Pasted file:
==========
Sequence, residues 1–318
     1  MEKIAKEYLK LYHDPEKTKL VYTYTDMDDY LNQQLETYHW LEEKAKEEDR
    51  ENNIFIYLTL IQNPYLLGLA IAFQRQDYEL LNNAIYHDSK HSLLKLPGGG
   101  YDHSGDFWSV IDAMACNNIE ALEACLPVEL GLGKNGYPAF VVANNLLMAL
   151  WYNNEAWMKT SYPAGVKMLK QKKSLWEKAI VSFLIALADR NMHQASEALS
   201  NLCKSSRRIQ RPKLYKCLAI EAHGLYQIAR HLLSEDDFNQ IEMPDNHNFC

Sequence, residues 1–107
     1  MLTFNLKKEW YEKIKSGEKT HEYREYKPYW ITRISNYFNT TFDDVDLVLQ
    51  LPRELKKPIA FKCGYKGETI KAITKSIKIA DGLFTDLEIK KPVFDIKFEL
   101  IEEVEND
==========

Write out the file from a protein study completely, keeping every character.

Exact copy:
Sequence, residues 1–318
     1  MEKIAKEYLK LYHDPEKTKL VYTYTDMDDY LNQQLETYHW LEEKAKEEDR
    51  ENNIFIYLTL IQNPYLLGLA IAFQRQDYEL LNNAIYHDSK HSLLKLPGGG
   101  YDHSGDFWSV IDAMACNNIE ALEACLPVEL GLGKNGYPAF VVANNLLMAL
   151  WYNNEAWMKT SYPAGVKMLK QKKSLWEKAI VSFLIALADR NMHQASEALS
   201  NLCKSSRRIQ RPKLYKCLAI EAHGLYQIAR HLLSEDDFNQ IEMPDNHNFC

Sequence, residues 1–107
     1  MLTFNLKKEW YEKIKSGEKT HEYREYKPYW ITRISNYFNT TFDDVDLVLQ
    51  LPRELKKPIA FKCGYKGETI KAITKSIKIA DGLFTDLEIK KPVFDIKFEL
   101  IEEVEND